- You can create a feature layer using the ArcGIS for Developers site. Log in to the site using your organization account or your free developers subscription. Access the Layers tab and click the Create New Layer button. For offline workflows, follow the instructions to create the new feature layer ensuring that you have checked the box to enable the layer to be taken offline to allow it to be viewed, edited, and synchronized. After creating a layer you can add data to it in the ArcGIS Online Map Viewer.
However you publish your service, REST URLs (endpoints) are created to both a map service and a feature service. Use these URLs to reference the services in your app. The map service endpoint can be used for read-only access to features (viewing only), so make sure to reference the feature service endpoint for editing. Offline editing workflows require sync-enabled feature services. A sync-enabled feature service allows you to generate a geodatabase for offline use, and gives you the ability to sync your local edits back to the service.
ArcGIS 10.2.2 for Server or later, or hosted services in ArcGIS Online, are required to publish sync-enabled feature services.
Feature collections are static collections of features stored as JSON inside the map or a referenced portal item. Many ArcGIS Online operations create feature collections, such as adding Map Notes to your map, importing shapefiles, importing GPX files or sharing analysis results as items. There are two representations of feature collections which are important to understand when it comes to editing and saving features.
- Feature collections in a map - this is where the feature JSON is saved in a single map as a feature collection layer.
- Feature collections as portal items - this is where the feature JSON is saved as a portal item. These feature collections can be referenced in multiple maps.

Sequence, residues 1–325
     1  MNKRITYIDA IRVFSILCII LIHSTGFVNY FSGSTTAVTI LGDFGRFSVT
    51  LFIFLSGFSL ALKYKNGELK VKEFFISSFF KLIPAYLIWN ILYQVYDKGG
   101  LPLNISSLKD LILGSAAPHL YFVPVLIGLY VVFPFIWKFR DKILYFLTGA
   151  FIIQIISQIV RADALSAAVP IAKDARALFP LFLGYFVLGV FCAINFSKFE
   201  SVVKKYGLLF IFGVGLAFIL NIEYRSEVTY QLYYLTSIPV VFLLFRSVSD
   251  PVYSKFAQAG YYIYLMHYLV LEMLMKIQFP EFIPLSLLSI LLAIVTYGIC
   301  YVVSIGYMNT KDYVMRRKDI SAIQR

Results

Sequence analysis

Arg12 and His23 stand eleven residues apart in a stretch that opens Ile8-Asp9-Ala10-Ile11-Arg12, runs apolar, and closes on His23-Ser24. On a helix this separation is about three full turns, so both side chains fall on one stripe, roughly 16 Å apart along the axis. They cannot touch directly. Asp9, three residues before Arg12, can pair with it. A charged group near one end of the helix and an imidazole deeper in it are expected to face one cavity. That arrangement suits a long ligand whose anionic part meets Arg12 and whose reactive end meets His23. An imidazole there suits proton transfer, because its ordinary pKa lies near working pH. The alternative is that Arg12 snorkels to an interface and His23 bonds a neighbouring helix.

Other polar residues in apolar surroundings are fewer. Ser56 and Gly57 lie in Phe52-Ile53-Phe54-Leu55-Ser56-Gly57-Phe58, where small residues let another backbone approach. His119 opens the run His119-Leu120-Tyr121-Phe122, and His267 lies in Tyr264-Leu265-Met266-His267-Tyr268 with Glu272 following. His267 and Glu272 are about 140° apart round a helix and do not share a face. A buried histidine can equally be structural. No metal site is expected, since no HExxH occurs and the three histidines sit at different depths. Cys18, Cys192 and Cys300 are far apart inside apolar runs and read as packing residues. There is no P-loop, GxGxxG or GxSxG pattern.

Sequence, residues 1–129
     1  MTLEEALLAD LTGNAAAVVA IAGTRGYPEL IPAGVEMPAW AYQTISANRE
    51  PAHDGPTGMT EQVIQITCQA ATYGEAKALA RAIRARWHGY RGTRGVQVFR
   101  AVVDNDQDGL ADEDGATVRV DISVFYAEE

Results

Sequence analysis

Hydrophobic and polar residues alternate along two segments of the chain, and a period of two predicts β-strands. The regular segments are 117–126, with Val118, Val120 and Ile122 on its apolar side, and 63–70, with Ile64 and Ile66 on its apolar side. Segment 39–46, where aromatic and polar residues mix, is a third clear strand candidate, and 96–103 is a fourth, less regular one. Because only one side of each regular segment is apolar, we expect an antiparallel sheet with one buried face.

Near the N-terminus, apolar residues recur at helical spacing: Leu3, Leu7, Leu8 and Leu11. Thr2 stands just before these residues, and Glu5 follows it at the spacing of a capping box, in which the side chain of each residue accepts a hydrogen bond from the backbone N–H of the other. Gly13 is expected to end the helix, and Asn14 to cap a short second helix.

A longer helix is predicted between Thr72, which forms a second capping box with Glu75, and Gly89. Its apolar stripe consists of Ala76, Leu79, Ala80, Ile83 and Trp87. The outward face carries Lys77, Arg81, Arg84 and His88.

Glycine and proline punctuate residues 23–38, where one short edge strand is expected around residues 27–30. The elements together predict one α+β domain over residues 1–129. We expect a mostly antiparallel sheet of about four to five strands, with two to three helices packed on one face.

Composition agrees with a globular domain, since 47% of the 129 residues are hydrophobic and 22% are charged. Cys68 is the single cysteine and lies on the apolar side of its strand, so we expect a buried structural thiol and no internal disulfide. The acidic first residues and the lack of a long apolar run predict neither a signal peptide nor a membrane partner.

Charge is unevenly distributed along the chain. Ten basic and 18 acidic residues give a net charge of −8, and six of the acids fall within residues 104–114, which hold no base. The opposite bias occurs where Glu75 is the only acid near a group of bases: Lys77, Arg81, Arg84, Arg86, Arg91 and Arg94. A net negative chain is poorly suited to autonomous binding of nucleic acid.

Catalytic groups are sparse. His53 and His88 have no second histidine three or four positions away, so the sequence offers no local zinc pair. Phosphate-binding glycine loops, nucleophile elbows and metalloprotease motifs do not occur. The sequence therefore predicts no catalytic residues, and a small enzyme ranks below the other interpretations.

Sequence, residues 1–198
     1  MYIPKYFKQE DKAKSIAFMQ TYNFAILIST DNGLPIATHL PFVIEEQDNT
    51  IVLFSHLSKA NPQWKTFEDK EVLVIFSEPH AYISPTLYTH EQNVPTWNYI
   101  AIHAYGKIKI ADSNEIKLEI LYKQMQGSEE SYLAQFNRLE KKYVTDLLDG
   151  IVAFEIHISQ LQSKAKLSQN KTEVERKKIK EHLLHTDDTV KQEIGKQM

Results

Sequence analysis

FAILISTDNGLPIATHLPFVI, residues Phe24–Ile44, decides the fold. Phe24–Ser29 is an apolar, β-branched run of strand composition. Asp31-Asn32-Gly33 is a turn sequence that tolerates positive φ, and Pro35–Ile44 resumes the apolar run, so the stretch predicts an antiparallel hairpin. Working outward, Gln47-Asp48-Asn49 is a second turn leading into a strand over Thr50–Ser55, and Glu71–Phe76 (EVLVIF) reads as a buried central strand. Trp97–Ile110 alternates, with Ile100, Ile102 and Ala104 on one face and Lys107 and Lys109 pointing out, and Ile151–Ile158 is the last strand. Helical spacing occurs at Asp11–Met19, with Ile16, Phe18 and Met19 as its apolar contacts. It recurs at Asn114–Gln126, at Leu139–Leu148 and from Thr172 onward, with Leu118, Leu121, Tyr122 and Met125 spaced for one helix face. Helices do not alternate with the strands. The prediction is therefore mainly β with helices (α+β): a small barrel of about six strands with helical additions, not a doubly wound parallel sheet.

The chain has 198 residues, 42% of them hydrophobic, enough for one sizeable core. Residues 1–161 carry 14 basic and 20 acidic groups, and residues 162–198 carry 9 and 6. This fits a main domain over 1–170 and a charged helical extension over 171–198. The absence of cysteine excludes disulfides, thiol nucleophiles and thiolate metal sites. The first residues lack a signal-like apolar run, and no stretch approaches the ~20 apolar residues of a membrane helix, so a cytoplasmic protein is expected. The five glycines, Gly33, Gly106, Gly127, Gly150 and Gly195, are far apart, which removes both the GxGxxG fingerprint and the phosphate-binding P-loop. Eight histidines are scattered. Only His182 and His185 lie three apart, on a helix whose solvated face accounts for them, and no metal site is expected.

Feature collections should not be used for multi-user editing scenarios, as clients could easily hold on to older versions of the feature collection and overwrite each others changes. Use feature services for these types of workflows.
Fine grained control over editing operations is available by using the editing API, allowing you to create and edit features, add, edit or remove feature attachments, and edit the geometry of features. For editing workflows that use a local geodatabase, you can use geodatabase transactions to manage a set of edits (transaction). You can then control when those edits are committed (saved) or rolled back (discarded) as a single unit.
For some feature service editing workflows, it's a good idea to have an analyst using ArcGIS Desktop periodically review the edits to verify data integrity. Although components in the API can perform some data validation, other tasks such as validating topologies cannot be performed using ArcGIS Runtime SDK alone.
The editing framework supports the tracking of specific edits to features. This happens by tracking the following feature properties:
- Which user created the feature
- Date and time the feature was created
- Which user last edited the feature
- Date and time the feature was last edited